June 16, 2022 by Lauren Gombas
Everyone wants to be in a world where they feel safe and like they belong. Coaches are a vehicle for this, and have the privilege of receiving a client's vulnerability as the client creates a space for themselves to feel safe and included. This means coaches must be worthy of trust. Understanding what diversity, equity, and inclusion means is a step toward ensuring clients feel heard and safe expressing their vulnerability.
Regardless of the coaching niche, coaches will work with clients from diverse backgrounds, which includes differences in:
The goal of coaching is to help the client become the best version of themselves. This starts with the coach’s ability to both acknowledge and respect client differences. This enables the coach to foster empathy in their sessions and allows them to lean on their clients as experts in their own lives.
Equity recognizes that some might need additional support for everyone to have equal opportunity. For example, it is more challenging for someone to succeed in coaching when they can only afford two sessions. Likewise, health and wellness clients will have more trouble managing their health if they don't have access to healthy food.
While coaching can’t fix all of these problems, it’s important for coaches to be aware of the potential roadblocks and obstacles a client might face on their journey to achieve their goals. Understanding that some clients may need additional support, such as scholarships or a more tailored approach, can enable clients to be more successful over time. Considering these things crafting your coaching business is an opportunity create a genuinely safe and comfortable space for diverse clients where they can feel eager to express themselves.
Inclusion means providing space for people who face exclusion. An example of inclusion in coaching might be selecting coaches who are different from oneself as a partner for a workshop, such as partnering with a coach of a different racial or cultural background than yourself, or offering coaching services in underserved communities to uplift them. Inclusion can also mean small things, like offering closed captions during Zoom sessions or ensuring that your mouth is never obstructed or covered when working with clients with hearing loss.
Unconscious bias, implicit bias, or the stereotyping or categorization of individuals different from oneself often begins in childhood. These stereotypes or categorizations come from learned unconscious beliefs, assumptions, or attitudes about how people who are different from us should or shouldn't behave. Not only dangerous, an unconscious bias towards a client can be damaging. The example below highlights the dangers of unconscious bias in a coaching session.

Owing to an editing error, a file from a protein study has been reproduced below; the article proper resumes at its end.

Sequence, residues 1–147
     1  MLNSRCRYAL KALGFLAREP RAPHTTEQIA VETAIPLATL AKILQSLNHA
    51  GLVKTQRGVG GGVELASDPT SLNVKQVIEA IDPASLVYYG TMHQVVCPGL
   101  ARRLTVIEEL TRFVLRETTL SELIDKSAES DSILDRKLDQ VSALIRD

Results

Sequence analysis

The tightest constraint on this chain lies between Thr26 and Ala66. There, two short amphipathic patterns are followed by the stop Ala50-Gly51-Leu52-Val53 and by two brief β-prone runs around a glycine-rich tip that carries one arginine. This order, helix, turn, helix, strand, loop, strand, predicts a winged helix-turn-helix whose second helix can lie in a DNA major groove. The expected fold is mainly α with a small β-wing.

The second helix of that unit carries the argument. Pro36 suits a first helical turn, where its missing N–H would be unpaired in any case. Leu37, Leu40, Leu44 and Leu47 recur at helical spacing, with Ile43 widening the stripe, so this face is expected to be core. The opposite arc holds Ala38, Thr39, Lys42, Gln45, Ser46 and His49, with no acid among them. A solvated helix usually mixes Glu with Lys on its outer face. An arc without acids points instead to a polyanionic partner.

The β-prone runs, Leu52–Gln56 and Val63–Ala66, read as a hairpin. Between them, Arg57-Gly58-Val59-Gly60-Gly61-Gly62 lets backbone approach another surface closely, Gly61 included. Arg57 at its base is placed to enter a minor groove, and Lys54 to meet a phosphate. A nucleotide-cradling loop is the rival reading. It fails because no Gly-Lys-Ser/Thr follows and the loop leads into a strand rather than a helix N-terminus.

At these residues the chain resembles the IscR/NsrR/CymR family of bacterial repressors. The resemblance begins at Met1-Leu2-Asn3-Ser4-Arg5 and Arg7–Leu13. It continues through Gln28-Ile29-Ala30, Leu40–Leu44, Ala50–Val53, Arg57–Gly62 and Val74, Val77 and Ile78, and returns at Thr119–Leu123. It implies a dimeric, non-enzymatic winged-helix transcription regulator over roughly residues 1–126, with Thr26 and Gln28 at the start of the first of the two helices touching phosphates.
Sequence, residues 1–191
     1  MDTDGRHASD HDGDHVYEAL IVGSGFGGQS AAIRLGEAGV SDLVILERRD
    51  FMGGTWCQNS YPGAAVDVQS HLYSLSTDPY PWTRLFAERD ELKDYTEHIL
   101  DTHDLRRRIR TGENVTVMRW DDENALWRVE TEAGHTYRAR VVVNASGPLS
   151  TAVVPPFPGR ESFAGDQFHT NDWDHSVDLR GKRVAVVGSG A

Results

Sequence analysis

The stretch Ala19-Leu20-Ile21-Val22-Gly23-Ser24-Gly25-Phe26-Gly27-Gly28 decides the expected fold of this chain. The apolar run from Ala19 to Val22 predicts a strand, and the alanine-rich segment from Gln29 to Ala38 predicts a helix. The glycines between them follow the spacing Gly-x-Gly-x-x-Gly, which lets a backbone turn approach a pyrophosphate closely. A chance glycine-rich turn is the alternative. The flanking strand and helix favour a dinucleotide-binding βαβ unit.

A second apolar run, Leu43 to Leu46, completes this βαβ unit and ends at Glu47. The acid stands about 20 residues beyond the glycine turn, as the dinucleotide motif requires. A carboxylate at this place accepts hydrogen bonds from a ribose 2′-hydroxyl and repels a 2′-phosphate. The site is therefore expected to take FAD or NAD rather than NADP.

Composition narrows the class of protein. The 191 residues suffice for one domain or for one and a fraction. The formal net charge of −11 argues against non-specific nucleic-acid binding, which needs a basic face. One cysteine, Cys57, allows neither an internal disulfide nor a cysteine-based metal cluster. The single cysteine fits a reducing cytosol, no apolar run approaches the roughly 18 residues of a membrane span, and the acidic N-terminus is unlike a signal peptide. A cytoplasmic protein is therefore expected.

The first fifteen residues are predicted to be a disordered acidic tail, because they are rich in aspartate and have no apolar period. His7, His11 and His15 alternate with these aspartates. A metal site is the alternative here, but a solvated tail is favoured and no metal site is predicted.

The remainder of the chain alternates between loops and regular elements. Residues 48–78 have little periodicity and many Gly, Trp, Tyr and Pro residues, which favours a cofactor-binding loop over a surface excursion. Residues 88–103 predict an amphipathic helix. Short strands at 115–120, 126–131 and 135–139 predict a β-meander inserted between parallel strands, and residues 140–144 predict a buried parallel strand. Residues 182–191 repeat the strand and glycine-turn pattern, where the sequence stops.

Diego, a student in his seventies, approaches Susie, an academic life coach, for help with test-taking. Susie assumes that he will struggle with technology because of his age, so she proposes that they practice taking tests online. However, Diego is familiar enough with computers to get by and has family members to help him when he has questions. He voices this to Susie, who still feels that their efforts are best spent with online test taking. After a few sessions of Susie ignoring Diego’s concerns about time spent learning how to use a computer, Diego grows uncomfortable and frustrated, which results in him leaving Susie’s coaching program.
In the example above, Susie stereotyped Diego based on his age and repeatedly ignored his requests to move onto a different topic. Stereotyping and preventing clients from articulating their needs can lead to unproductive sessions, a damaged coaching relationship, and at worst, can lead clients in a harmful direction.
So what could Susie have done differently?
Like Susie, it's easy to assume that one knows what's best for their client, especially if they are working in a specialized niche. Having an open mind often isn’t enough when it comes to inclusion. We need to lean into the discomfort of knowing that every person has unconscious bias. In bringing awareness to our blind spots, diversity and inclusion training can help us cultivate strategies for facing our bias head-on and working on ways to eliminate it when working with our clients.
Self-reflection, self-awareness, and self-regulation are crucial to our ability to be effective coaches for those we serve. Without knowing what lurks beneath the surface of our biased minds, we can’t truly know if we are serving our clients to the best of our ability. Through diversity and inclusion training, you’ll be encouraged to recognize your bias, challenge its existence, and develop ways to eliminate its influence and minimize its harm.
A good diversity and inclusion coach training course or diversity coach certification will include the following:
Coach Training EDU offers an Inclusion Coach Training Course that covers essential and foundational coaching skills while cultivating a healthy approach to diversity, equity, and inclusion. In addition, by encouraging the practice of self-leadership, social justice, and inclusive practice in our course, we discuss how our coaches will create a sense of belonging for their client. You can learn more about our inclusion and diversity course offering here.
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